This Is the Best Time of Day to Send Important Emails

If you're drafting a message to your boss, a colleague, a client, or another VIP, check the time before you hit send. Here's why.


Regardless of when you feel most productive, it turns out that there are optimal times to craft the perfect email message, according to a new study from Grammarly, an online proofreading tool. After surveying more than a billion words written by users of their app, Grammarly found that people tend to make the fewest grammatical and spelling mistakes in the afternoon between 1 p.m. and 5 p.m.

For their study, Grammarly split users into two categories or chronotypes: early birds, who write between 4 a.m. and 8 a.m., and night owls, who write between 10 p.m. and 2 a.m. You can find out which of these categories you fall into here and how being a morning person can work to your advantage. Grammarly analyzed the written content of social media, blogs, and emails for both chronotypes, and early birds proved to make the fewest grammatical and spelling mistakes in their work. When sending emails, both early birds and night owls misspelled words, but night owls confused words—like there instead of their—66 percent more often than their early bird counterparts.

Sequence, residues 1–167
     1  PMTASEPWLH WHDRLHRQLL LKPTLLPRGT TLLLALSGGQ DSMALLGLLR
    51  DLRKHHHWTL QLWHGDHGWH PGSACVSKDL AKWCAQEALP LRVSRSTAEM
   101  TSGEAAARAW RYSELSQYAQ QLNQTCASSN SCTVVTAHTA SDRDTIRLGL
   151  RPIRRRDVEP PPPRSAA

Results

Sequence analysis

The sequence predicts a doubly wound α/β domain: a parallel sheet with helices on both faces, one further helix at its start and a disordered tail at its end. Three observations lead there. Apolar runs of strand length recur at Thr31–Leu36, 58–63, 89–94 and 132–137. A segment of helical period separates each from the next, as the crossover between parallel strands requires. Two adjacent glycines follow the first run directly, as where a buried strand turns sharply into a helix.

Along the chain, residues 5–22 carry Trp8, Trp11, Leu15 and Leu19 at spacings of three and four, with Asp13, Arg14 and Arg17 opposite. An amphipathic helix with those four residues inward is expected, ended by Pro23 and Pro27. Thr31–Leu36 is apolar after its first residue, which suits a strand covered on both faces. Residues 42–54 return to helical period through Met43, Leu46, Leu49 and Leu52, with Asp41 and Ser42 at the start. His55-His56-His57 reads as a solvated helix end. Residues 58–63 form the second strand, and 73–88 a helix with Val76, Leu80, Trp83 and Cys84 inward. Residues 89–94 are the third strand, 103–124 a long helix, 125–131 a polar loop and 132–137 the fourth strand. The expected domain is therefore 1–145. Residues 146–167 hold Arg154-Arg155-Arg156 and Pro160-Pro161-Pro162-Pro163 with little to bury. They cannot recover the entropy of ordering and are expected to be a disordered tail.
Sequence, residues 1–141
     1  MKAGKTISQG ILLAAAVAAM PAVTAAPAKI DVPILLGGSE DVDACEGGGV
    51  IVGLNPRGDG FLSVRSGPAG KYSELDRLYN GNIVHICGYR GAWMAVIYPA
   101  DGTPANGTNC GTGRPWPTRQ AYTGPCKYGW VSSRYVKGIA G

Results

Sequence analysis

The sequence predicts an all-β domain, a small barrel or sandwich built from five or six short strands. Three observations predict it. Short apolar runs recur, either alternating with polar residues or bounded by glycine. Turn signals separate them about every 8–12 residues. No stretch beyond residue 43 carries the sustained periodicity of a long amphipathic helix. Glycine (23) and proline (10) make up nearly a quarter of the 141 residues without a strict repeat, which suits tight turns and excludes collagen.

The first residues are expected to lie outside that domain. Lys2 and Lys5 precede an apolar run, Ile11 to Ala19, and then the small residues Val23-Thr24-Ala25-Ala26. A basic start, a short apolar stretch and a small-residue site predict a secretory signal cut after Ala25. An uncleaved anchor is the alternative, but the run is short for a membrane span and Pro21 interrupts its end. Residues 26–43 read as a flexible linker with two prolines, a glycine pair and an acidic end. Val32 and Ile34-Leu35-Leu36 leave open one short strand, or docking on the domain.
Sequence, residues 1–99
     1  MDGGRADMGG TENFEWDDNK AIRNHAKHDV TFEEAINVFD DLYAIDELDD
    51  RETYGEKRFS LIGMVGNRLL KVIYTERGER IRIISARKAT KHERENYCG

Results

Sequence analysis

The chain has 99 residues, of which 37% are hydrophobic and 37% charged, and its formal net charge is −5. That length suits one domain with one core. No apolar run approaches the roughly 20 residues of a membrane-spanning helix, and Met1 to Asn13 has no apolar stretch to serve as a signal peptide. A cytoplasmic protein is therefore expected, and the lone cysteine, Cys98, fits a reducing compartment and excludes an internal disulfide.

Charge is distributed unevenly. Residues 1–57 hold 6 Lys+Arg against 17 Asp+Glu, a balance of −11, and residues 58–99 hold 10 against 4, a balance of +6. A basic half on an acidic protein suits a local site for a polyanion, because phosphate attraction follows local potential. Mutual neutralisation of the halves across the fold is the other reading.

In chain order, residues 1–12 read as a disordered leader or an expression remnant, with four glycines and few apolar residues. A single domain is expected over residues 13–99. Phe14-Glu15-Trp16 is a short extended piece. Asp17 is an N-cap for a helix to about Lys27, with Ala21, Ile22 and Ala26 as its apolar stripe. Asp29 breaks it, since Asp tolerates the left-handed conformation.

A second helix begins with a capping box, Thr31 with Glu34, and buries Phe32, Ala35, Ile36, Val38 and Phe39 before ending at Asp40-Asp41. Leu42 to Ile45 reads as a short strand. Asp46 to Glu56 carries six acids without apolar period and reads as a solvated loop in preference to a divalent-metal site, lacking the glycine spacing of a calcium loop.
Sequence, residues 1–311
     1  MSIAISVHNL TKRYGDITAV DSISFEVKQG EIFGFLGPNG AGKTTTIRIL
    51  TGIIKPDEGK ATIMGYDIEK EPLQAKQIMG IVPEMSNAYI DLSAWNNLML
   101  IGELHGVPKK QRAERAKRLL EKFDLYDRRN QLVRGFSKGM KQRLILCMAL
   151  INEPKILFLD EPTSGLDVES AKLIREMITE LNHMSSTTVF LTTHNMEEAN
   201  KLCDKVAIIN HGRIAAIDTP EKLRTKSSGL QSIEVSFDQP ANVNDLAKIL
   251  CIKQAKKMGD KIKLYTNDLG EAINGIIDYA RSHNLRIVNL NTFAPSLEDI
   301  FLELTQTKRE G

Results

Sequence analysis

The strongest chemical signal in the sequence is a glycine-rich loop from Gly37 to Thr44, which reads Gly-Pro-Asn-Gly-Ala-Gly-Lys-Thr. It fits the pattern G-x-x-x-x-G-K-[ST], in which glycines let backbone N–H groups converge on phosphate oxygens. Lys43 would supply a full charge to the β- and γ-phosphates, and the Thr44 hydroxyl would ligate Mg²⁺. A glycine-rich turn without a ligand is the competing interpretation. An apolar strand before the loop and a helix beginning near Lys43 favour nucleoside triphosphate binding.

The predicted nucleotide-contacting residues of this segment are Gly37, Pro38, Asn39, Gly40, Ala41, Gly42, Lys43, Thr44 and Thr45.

When writing emails specifically, writers made the fewest errors after lunch, between 1 p.m. and 5 p.m., even though they still screwed up—on average early birds botched 13.8 words out of 100, while night owls botched 17 words out of 100. Emailing typically requires more etiquette than the relaxed format of social media, which is why people make triple the number of word goofs on social media compared to email, according to Grammarly.

Whether you can compose emails during the ideal window or not, Grammarly offers advice on common mistakes to avoid. Both chronotypes frequently confuse apostrophes—let’s versus lets and similar words—too versus to, everyday versus every day, and than versus then. Early birds more often confuse their and there, and night owls more often confuse of and off. Here are 41 little grammar rules to brush up on.

Whether you’re up with the sun or awake with the moon, it’s always a good idea to double-check your spelling and grammar when you’re dashing off emails.

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Originally Published in Reader's Digest